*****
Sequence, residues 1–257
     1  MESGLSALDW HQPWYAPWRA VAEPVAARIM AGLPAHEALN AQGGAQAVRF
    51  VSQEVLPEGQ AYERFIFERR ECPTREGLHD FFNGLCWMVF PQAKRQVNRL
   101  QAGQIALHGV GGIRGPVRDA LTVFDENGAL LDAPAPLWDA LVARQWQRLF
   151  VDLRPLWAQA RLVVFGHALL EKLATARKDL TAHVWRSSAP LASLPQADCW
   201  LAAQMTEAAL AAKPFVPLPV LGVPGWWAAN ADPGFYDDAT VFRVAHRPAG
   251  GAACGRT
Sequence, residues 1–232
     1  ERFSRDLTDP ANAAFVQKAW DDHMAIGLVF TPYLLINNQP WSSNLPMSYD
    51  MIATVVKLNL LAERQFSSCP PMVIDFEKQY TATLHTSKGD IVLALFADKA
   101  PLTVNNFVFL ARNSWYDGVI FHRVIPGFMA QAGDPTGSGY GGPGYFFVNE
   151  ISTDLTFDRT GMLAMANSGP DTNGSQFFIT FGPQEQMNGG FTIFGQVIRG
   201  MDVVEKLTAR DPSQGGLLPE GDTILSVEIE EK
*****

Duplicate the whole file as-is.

Sequence, residues 1–257
     1  MESGLSALDW HQPWYAPWRA VAEPVAARIM AGLPAHEALN AQGGAQAVRF
    51  VSQEVLPEGQ AYERFIFERR ECPTREGLHD FFNGLCWMVF PQAKRQVNRL
   101  QAGQIALHGV GGIRGPVRDA LTVFDENGAL LDAPAPLWDA LVARQWQRLF
   151  VDLRPLWAQA RLVVFGHALL EKLATARKDL TAHVWRSSAP LASLPQADCW
   201  LAAQMTEAAL AAKPFVPLPV LGVPGWWAAN ADPGFYDDAT VFRVAHRPAG
   251  GAACGRT
Sequence, residues 1–232
     1  ERFSRDLTDP ANAAFVQKAW DDHMAIGLVF TPYLLINNQP WSSNLPMSYD
    51  MIATVVKLNL LAERQFSSCP PMVIDFEKQY TATLHTSKGD IVLALFADKA
   101  PLTVNNFVFL ARNSWYDGVI FHRVIPGFMA QAGDPTGSGY GGPGYFFVNE
   151  ISTDLTFDRT GMLAMANSGP DTNGSQFFIT FGPQEQMNGG FTIFGQVIRG
   201  MDVVEKLTAR DPSQGGLLPE GDTILSVEIE EK